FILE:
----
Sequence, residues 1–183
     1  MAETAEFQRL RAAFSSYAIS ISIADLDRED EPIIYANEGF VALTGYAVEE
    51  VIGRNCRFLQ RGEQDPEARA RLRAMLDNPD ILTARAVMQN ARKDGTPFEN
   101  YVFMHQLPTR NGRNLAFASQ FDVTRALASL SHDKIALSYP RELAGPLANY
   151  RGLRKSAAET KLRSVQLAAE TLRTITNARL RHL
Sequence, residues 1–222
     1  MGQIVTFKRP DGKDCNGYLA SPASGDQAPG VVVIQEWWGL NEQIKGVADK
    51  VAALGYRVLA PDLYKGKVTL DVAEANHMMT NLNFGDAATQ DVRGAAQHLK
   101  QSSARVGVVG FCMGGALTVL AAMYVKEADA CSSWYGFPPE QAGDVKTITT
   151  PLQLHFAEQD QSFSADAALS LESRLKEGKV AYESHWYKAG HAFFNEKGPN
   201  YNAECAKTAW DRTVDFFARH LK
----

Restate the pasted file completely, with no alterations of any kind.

Sequence, residues 1–183
     1  MAETAEFQRL RAAFSSYAIS ISIADLDRED EPIIYANEGF VALTGYAVEE
    51  VIGRNCRFLQ RGEQDPEARA RLRAMLDNPD ILTARAVMQN ARKDGTPFEN
   101  YVFMHQLPTR NGRNLAFASQ FDVTRALASL SHDKIALSYP RELAGPLANY
   151  RGLRKSAAET KLRSVQLAAE TLRTITNARL RHL
Sequence, residues 1–222
     1  MGQIVTFKRP DGKDCNGYLA SPASGDQAPG VVVIQEWWGL NEQIKGVADK
    51  VAALGYRVLA PDLYKGKVTL DVAEANHMMT NLNFGDAATQ DVRGAAQHLK
   101  QSSARVGVVG FCMGGALTVL AAMYVKEADA CSSWYGFPPE QAGDVKTITT
   151  PLQLHFAEQD QSFSADAALS LESRLKEGKV AYESHWYKAG HAFFNEKGPN
   201  YNAECAKTAW DRTVDFFARH LK